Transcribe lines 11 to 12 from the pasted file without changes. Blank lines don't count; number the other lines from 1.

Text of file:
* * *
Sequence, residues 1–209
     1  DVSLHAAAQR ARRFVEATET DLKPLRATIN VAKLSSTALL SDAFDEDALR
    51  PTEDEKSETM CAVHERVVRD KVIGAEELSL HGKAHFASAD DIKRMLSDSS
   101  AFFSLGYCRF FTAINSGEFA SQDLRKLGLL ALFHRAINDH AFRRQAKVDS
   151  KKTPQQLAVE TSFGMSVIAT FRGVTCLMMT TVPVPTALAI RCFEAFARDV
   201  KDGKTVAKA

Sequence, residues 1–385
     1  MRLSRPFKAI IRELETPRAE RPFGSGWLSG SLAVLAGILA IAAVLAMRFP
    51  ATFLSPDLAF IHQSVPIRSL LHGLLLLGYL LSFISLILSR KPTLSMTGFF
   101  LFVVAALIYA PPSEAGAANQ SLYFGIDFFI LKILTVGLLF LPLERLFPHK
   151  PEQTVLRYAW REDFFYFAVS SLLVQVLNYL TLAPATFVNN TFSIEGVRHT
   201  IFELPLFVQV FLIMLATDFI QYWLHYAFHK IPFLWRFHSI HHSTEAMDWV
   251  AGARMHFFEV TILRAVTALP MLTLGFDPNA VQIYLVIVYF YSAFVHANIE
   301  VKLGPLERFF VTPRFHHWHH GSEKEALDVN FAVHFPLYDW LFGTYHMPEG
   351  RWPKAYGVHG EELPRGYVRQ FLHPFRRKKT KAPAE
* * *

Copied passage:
   151  PEQTVLRYAW REDFFYFAVS SLLVQVLNYL TLAPATFVNN TFSIEGVRHT
   201  IFELPLFVQV FLIMLATDFI QYWLHYAFHK IPFLWRFHSI HHSTEAMDWV